Arduino to Printer through Parallel Port

Looking around on the forums for some hints on this topic, and finding none, I worked out the details from scratch. I figured somebody else might want to do this someday, and so if that’s you, here’s what worked for me. Hope it helps.

The goal is to use an Arduino to control an HP printer. We are talking standard, desktop printers here, not thermal-receipt-printers or 3D printers.
The printer in question needs to have a parallel/centronics port ( I used an HP Deskjet 952C; the protocol should work with most similar HP printers. No promises for non-HP, but it’s worth a try.

The port on the printer is actually called a Centronics connector. If you have a cable to connect the printer to the computer, look at the other end - this is the actual parallel port type connector. You can wire in your Arduino at either end, but the pin-outs are slightly different depending on which end you use:

Pin # (Parallel Port Connector) Pin # (Centronics Connector) Signal Name Signal Type
1 1 nStrobe (input)
2 2 Data pin 0 (input)
3 3 Data pin 1 (input)
4 4 Data pin 2 (input)
5 5 Data pin 3 (input)
6 6 Data pin 4 (input)
7 7 Data pin 5 (input)
8 8 Data pin 6 (input)
9 9 Data pin 7 (input)
10 10 nAck (output)
11 11 busy (output)
18-25 19-30 Ground (-)

Connect each of these pins to your Arduino as follows (I did this by splicing into the wire, but there’s probably better methods):
nStrobe → arduino pin 2
data_0 → arduino pin 3
data_1 → arduino pin 4
data_2 → arduino pin 5
data_3 → arduino pin 6
data_4 → arduino pin 7
data_5 → arduino pin 8
data_6 → arduino pin 9
data_7 → arduino pin 10
nAck → arduino pin 11
busy → arduino pin 12

It’s that simple. Now just run this code on the Arduino:

const int startup_charsPerLine = 80;
const int startup_num_lines = 2;
byte startup_message[startup_num_lines][startup_charsPerLine] = {
  "This is the startup message. It prints whenever",
  "the Arduino is reset.",

const int charsPerLine = 80;   // this is the max # of chars per line
const int num_lines = 10;
byte message[num_lines][charsPerLine] = {
  "    ",   // blank line
  "This is the normal message. It prints whenever",
  "you connect pin 14 (analog 0) to GND.",
  "  ",  // blank line
  "------------------------------------------------------------------------------",   // a spiffy line
  "1) More message content",
  "  ",
  "II) you can have up to about 80 chars per line ",
  "  ",

// parallel port pin# = arduino pin#
const int nStrobe = 2;
const int data_0 = 3;
const int data_1 = 4;
const int data_2 = 5;
const int data_3 = 6;
const int data_4 = 7;
const int data_5 = 8;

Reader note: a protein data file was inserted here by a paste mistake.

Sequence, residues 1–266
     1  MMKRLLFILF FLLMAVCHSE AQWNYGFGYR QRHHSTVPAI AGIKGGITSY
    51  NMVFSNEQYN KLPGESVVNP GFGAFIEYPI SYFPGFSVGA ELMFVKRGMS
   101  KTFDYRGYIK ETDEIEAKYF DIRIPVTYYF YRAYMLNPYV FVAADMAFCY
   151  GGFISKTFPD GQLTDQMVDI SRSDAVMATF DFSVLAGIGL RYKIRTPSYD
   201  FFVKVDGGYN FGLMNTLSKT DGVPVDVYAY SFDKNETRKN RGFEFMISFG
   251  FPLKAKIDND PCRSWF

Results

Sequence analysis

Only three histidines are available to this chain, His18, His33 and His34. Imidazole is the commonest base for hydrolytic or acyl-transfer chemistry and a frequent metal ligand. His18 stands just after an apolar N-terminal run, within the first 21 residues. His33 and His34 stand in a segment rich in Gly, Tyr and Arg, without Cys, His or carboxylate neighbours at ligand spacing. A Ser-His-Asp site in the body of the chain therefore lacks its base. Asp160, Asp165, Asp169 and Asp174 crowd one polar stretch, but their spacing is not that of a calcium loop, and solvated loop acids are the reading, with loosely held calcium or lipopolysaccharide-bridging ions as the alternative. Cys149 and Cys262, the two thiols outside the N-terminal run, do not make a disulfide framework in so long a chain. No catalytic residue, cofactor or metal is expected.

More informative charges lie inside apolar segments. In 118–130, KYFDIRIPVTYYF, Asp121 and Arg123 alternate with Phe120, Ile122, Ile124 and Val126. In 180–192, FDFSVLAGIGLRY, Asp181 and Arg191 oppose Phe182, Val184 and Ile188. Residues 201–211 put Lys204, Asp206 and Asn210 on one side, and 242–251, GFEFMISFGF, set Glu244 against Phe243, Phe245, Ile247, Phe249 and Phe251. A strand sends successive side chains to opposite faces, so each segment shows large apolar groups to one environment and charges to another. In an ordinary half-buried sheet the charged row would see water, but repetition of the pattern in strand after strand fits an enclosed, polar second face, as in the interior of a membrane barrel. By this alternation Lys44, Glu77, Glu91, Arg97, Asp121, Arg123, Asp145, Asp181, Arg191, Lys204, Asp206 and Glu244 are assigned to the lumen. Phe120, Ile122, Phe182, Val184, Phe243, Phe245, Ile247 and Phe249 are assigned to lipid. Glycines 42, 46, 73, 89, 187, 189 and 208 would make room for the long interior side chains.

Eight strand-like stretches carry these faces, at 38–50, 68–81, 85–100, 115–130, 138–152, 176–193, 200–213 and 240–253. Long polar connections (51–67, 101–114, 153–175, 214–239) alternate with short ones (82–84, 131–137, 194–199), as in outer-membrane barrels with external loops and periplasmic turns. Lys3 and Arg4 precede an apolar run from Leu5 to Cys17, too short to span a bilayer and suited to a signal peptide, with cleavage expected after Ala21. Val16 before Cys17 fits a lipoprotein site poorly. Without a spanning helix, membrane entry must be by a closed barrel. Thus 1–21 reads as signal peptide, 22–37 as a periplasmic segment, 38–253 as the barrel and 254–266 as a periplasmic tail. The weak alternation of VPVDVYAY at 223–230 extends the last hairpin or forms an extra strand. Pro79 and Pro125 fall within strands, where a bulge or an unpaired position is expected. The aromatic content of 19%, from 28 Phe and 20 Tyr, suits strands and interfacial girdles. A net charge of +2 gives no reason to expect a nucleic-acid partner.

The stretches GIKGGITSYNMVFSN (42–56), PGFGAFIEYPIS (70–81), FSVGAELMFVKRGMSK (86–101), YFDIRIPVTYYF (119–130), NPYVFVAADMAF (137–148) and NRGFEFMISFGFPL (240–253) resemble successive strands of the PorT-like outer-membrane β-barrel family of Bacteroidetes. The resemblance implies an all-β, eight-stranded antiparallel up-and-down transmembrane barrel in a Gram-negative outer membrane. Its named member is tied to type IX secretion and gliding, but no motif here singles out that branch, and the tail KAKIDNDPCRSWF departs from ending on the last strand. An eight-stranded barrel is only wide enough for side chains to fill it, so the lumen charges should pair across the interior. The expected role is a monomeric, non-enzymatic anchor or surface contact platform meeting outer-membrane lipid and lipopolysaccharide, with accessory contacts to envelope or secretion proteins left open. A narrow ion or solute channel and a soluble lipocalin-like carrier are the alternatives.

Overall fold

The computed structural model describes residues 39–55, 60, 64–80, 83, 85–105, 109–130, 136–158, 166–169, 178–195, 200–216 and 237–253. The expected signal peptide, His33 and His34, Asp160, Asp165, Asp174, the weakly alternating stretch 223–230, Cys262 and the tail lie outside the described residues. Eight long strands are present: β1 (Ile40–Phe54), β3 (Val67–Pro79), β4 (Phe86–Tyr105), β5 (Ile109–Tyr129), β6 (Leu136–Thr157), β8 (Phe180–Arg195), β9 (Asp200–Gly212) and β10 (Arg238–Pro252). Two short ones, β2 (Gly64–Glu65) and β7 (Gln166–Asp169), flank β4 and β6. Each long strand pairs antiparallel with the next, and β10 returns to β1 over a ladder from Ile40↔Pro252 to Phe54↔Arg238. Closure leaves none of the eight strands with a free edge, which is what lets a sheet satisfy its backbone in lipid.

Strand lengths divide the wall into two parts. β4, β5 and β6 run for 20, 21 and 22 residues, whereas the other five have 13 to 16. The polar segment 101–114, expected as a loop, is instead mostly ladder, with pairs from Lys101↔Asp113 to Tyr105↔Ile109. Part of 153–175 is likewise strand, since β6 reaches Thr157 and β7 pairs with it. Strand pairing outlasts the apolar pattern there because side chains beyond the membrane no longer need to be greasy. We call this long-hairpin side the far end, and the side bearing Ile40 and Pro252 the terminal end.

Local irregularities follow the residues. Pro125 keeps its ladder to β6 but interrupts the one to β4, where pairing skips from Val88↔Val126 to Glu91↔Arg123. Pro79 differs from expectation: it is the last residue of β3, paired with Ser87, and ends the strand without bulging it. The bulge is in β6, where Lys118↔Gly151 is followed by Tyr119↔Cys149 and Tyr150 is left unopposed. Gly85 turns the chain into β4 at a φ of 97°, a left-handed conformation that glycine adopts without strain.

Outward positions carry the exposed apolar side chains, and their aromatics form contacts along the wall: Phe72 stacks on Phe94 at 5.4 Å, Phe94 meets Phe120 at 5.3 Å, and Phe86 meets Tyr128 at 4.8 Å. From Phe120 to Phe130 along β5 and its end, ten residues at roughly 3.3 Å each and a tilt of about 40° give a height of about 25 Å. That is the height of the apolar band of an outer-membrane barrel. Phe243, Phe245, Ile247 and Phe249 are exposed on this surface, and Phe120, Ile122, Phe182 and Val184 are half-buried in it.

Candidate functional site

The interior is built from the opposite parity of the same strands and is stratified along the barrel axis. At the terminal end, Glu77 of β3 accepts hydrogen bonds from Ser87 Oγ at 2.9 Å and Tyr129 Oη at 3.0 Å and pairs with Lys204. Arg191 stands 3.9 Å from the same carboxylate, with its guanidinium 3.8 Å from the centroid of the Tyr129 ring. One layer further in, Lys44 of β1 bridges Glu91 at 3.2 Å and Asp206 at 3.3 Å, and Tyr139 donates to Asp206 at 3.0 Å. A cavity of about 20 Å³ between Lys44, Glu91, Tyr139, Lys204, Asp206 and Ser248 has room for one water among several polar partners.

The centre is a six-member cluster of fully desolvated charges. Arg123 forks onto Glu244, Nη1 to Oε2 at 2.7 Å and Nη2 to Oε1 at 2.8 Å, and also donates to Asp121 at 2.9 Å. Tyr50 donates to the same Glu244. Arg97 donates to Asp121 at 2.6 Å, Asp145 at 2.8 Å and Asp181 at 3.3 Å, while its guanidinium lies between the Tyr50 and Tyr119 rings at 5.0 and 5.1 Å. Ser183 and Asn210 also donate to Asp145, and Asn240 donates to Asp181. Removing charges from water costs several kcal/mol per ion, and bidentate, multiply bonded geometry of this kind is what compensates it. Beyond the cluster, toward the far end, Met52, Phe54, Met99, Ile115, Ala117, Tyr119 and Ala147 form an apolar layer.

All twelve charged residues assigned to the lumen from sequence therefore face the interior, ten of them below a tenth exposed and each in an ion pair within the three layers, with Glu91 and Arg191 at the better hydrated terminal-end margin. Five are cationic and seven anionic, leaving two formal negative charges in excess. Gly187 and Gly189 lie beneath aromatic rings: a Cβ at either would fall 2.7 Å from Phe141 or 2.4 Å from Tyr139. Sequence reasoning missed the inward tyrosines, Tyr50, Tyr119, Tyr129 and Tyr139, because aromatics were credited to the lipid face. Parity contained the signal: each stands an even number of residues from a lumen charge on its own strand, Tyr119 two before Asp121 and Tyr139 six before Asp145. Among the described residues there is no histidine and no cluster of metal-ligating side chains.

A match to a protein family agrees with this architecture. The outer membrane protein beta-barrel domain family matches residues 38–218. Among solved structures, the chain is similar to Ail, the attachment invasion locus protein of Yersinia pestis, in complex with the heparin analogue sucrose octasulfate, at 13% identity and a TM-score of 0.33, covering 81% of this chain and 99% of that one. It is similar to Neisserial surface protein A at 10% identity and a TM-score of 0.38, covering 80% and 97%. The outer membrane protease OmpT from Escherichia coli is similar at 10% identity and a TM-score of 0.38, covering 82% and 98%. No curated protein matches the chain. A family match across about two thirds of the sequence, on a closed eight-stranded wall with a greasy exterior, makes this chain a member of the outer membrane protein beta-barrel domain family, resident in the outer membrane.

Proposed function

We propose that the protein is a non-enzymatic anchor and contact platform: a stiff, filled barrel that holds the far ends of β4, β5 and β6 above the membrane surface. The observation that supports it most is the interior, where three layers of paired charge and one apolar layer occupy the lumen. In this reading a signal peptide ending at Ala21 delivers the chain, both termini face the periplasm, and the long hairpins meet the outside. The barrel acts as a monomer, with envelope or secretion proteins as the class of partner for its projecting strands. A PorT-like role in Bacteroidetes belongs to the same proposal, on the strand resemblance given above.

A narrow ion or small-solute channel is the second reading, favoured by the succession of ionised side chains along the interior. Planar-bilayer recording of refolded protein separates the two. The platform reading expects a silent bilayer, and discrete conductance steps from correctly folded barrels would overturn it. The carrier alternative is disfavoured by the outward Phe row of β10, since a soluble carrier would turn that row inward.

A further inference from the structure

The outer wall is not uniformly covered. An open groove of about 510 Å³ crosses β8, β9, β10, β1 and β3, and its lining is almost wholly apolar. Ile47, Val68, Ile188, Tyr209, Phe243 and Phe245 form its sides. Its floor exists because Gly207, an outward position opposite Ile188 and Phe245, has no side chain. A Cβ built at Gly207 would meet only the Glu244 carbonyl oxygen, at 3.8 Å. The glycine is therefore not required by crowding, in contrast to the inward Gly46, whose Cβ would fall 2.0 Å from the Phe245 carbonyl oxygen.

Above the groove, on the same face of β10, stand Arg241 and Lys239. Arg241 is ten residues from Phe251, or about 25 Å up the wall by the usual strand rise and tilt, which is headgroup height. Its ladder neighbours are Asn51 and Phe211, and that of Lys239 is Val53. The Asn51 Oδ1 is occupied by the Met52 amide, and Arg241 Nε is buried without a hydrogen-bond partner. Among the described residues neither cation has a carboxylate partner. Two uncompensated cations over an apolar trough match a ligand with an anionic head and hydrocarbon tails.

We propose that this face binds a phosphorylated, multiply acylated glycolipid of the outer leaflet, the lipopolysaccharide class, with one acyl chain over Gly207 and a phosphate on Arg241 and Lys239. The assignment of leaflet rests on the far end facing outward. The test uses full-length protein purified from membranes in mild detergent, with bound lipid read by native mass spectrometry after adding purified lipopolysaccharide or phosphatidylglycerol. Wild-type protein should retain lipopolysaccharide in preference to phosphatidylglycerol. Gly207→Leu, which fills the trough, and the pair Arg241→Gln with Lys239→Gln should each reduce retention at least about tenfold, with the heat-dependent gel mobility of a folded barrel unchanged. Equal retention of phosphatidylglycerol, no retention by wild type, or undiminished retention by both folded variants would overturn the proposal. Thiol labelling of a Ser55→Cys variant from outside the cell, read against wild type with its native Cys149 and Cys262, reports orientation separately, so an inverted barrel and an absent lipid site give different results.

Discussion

const int data_6 = 9;
const int data_7 = 10;
const int nAck = 11;
const int busy = 12;

const int strobeWait = 2;   // microseconds to strobe for

void setup() {

  pinMode(nStrobe, OUTPUT);      // is active LOW
  digitalWrite(nStrobe, HIGH);   // set HIGH
  pinMode(data_0, OUTPUT);
  pinMode(data_1, OUTPUT);
  pinMode(data_2, OUTPUT);
  pinMode(data_3, OUTPUT);
  pinMode(data_4, OUTPUT);
  pinMode(data_5, OUTPUT);
  pinMode(data_6, OUTPUT);
  pinMode(data_7, OUTPUT);

  pinMode(nAck, INPUT);     // is active LOW
  pinMode(busy, INPUT);  

  pinMode(13, OUTPUT);
  pinMode(14, INPUT);   // analog pin 0 on duemilanove and uno
  digitalWrite(14, HIGH); // enable pull-up
  Serial.println("Delay for 5 sec");
  Serial.println("Startup complete");

void loop() {
 while(digitalRead(14) == HIGH) {
   // wait




void printByte(byte inByte) {
  while(digitalRead(busy) == HIGH) {
    // wait for busy to go low

  int b0 = bitRead(inByte, 0);
  int b1 = bitRead(inByte, 1);
  int b2 = bitRead(inByte, 2);
  int b3 = bitRead(inByte, 3);
  int b4 = bitRead(inByte, 4);
  int b5 = bitRead(inByte, 5);
  int b6 = bitRead(inByte, 6);
  int b7 = bitRead(inByte, 7);

  digitalWrite(data_0, b0);        // set data bit pins
  digitalWrite(data_1, b1);
  digitalWrite(data_2, b2);
  digitalWrite(data_3, b3);
  digitalWrite(data_4, b4);
  digitalWrite(data_5, b5);
  digitalWrite(data_6, b6);
  digitalWrite(data_7, b7);

  digitalWrite(nStrobe, LOW);       // strobe nStrobe to input data bits
  digitalWrite(nStrobe, HIGH);

  while(digitalRead(busy) == HIGH) {
    // wait for busy line to go low

void resetPrinter() {
  Serial.println("Reseting printer...");
  printByte(27); // reset printer
  Serial.println("Printer Reset"); 

void printMessage() {
  digitalWrite(13, HIGH);
  for(int line = 0; line < num_lines; line++) {  
    for(int cursorPosition = 0; cursorPosition < charsPerLine; cursorPosition++) {
      byte character = message[line][cursorPosition];
    printByte(10); // new line
    printByte(13); // carriage return

void printStartupMessage() {
  Serial.println("Print start-up mssage");
  digitalWrite(13, HIGH);
  for(int line = 0; line < startup_num_lines; line++) {  
    for(int cursorPosition = 0; cursorPosition < startup_charsPerLine; cursorPosition++) {
      byte character = startup_message[line][cursorPosition];
      //      delay(1);
    printByte(10); // new line
    printByte(13); // carriage return
    Serial.print("Line ");
    Serial.println(" printed.");
  Serial.println("Startup message printed");

It should print the startup message when the Arduino is turned on or reset. To print the other message, briefly connect pin 14 (analong 0 on Arduino Uno) to GND.